erka iAmA

European Cyber Security Month (or National Cyber Security Awareness Month as it’s known in the US) is just around the corner. And considering the recent disclosure of Yahoo’s massive data breach, it seems like a good time for companies to give some consideration to their cyber security policies. One person glad to see it arrive is F-Secure Cyber Security Advisor Erka Koivunen. Erka, who’s advised people, companies, and even governments on how to protect themselves from online threats for years, wants to let people know that security is more than relying on the latest technologies or devices for protection. It’s just as much about processes and practices as it is about technology. That’s why Erka is participating in an “Ask me Anything” session on Reddit called “How to Create a Culture of Security.” Erka will answer your questions about what you, your colleagues, and your boss need to know about being hacked. Plus, Erka will be joined by Cosmin Ciobanu from the European Union Agency for Network and Information Security (better known as ENISA, the organized of European Cyber Security Month) to provide some additional insights on how to improve security in workplaces around Europe. This will be Erka’s second AMA, having previously fielded a range of questions about online privacy in an AMA conducted last Data Privacy Day. The AMA session will kick-off at 8 AM EST/3 PM EET on October 4th. We’ll update this blog post with the link as soon as it’s available, so check back here so you don’t miss out.

September 30, 2016
Connected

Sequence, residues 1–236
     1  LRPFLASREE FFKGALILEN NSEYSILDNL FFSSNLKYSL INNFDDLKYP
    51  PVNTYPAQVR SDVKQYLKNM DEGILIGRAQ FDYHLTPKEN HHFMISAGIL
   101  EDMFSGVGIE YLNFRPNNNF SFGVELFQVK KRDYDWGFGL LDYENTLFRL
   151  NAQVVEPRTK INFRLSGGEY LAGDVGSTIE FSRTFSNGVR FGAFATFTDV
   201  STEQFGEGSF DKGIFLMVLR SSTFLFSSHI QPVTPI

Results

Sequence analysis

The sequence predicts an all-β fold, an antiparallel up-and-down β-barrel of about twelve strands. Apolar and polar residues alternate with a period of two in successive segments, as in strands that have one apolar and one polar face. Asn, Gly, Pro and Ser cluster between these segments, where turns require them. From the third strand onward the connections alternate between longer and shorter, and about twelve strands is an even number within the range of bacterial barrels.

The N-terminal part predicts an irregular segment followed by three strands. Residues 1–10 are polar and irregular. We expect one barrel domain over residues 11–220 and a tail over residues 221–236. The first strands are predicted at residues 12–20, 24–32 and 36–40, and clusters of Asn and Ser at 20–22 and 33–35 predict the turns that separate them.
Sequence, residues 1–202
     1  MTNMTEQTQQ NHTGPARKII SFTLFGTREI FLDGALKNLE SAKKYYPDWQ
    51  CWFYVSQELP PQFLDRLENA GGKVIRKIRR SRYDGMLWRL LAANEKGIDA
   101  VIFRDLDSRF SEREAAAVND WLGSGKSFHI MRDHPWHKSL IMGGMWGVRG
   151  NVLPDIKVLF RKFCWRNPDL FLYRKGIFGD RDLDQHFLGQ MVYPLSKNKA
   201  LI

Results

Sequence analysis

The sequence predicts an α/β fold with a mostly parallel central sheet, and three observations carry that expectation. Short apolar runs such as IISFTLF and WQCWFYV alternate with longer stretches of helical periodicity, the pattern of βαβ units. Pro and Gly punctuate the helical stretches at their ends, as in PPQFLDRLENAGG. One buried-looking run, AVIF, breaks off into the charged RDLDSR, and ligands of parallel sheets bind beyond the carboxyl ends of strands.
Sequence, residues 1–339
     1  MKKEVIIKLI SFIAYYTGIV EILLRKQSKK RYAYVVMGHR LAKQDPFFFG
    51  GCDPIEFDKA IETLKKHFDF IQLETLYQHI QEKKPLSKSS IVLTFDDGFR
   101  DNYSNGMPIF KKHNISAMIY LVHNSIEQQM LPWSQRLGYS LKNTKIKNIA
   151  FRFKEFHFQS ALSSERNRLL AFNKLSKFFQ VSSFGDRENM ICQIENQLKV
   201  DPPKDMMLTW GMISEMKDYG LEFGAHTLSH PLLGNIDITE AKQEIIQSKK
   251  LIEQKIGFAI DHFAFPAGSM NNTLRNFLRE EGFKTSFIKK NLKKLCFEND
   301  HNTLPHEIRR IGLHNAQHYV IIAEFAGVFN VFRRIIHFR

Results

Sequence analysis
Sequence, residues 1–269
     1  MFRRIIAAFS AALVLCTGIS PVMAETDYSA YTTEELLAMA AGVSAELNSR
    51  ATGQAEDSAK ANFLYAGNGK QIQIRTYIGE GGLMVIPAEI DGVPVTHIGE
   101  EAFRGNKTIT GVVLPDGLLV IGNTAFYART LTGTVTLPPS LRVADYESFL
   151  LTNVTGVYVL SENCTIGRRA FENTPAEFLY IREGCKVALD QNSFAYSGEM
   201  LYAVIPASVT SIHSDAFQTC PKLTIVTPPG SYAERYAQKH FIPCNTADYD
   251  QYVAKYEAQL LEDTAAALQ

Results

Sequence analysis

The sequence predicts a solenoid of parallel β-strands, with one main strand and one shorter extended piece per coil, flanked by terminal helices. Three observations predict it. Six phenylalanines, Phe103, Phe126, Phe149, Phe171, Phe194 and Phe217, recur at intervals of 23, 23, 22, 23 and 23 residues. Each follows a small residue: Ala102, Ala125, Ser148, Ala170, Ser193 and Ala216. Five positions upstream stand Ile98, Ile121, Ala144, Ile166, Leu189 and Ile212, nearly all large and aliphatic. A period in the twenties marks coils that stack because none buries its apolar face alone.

Protecting yourself on the internet used to be a lot simpler -- mostly because you weren't always on the internet. Now we can be online from when we wake up until when we go to sleep. We seamlessly shift from chatting to shopping to banking -- rarely sticking to one device or platform for too long. Most of us aren't just a Mac or PC or an Android anymore -- we're all of the above. “I, and I think most people, have a cross-platform household – I use several different devices with different operating systems on a daily basis," F-Secure security advisor Sean Sullivan explains. The old paradigm of just protecting your PC or your phone can leave your devices exposed to threats. And even the best security software in the world won't protect your public Wi-Fi connection from being snooped on, possibly exposing your most private details, including passwords. That's why we've launched F-Secure total security and privacy, which combines F-Secure SAFE and F-Secure Freedome. F-Secure SAFE is a multi-device internet security suite that protects all your devices. Freedome is a VPN offers a simple way to encrypt your communications over public Wi-Fi and change your virtual location to access geo-blocked sites and services while blocking malicious websites and online tracking. You can still purchase F-Secure SAFE and Freedome separately. And there have been recent improvements to both, including: Silent upgrades that ensure SAFE is automatically updated Parental controls now available on all supported SAFE platforms Ability to create Freedome Wi-Fi hotspots with Android devices while VPN is turned on "Buying separate products to protect iOS, Windows, Macs and whatever else isn’t just expensive, but it means you have to get used to different pieces of software designed to do the same thing," Sean explains. F-Secure total security and privacy is now available for a free trial here. If you're a current SAFE customer, you can't upgrade to total security and privacy but you should receive a discount offer for Freedome. "Bundling protective measures into packages to run on different devices is more economical and more user friendly, both of which are good for security.” Cheers, Sandra [Image by Hans Kylberg | Flickr]